This is not the type of book I would ordinarily read. Books on child abuse tend to be either too depressing, self-exploitative,
or resort to too much pop psychology without managing to give any real insight.
However, these are all things which "Father's Touch" has managed to avoid. Despite
the horrible subject matter of this book, Donald D'Haene manages to draw you
into his story with his very cinematic writing style and manages to illustrate
how horrible child abuse is without ever resorting to lurid details. And, most
importantly, Donald uses his story in a very constructive manner.
One of the things which is often most confusing to people who haven't been the victim of child abuse is how such things can go on without being detected or why people in such a situation don't just try to escape it. The fact is that many people try to escape, but due to lack of support, fail, while others are so psychologically torn down that they feel incapable of escaping. Donald manages to create an understanding of how this happens, illustrating how often abuse builds slowly over time, how the abuser manages to assert himself over others until they feel powerless, and how abuse can even begin to seem a normal part of life or something to be taken for granted, like the fact that the sun will rise in the morning.
This book also does an excellent job of illustrating how necessary it is for there to be a strong social support system for those who are not able to help themselves. Often, victims might not know there is any alternative available. Some cities are filled with homeless children who have found living on the street to be their only means of escape. Donald did not ultimately resort to such drastic measures himself, but his early attempts to get help often just resulted in the sort of social rejection which does drive many victims into feeling complete hopelessness and even self-blame.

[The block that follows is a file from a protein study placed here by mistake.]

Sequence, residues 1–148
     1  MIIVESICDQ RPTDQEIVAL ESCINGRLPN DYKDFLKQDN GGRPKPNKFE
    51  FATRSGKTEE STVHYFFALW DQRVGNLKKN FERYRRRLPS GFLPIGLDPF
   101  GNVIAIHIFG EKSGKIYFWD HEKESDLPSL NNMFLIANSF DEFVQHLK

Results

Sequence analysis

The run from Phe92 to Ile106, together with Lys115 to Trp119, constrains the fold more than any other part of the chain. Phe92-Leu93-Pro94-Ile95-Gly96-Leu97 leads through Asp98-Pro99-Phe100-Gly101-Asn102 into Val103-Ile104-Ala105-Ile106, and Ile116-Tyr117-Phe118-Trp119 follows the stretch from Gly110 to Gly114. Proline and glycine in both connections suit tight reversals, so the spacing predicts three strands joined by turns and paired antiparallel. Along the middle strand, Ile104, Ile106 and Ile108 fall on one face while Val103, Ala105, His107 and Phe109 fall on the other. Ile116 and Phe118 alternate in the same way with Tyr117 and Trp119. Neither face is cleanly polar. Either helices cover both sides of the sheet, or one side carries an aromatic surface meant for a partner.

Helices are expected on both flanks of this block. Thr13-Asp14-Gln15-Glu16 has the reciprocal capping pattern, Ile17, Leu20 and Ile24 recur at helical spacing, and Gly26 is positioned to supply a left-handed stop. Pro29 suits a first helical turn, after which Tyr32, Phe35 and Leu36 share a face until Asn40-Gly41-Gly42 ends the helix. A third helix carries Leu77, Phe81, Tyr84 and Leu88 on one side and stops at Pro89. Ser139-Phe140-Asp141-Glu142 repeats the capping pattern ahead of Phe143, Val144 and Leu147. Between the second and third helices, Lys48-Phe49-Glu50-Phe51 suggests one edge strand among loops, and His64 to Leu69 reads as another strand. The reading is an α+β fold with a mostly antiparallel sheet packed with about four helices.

And this book couldn't have come at a better time with the few support structures in place here in Ontario, where the events in this book take place, being threatened by massive cuts in funding being made to pay for unrealistic tax breaks promised during the last provincial election. We are now seeing shelters for abused women and children being closed down when instead more should be built. It is also ironic that Donald was not given any help by anyone he turned to in Aylmer years ago, but now the protection system is being attacked by critics in Aylmer who see the authorities' early intervention in another recent case as a form of persecution! Sure, the system is open to abuse, but as "Father's Touch" illustrates, such "interference" is often necessary. Critics in the Aylmer area would be especially well advised to read this book.
Sadly, in Aylmer, there is still a great deal of abuse which goes unchecked due to the presence of some very isolated communities, much like the one described in "Father's Touch", and there is now a cult in town which advocates that any child showing any sign of independent thought should be "beaten into submission". What happened to Donald is still happening in to others, and is actually finding acceptance by some merely because it is physical instead of sexual abuse. Hopefully, this book can create more understanding for the victims and encourage others to give the victims their support.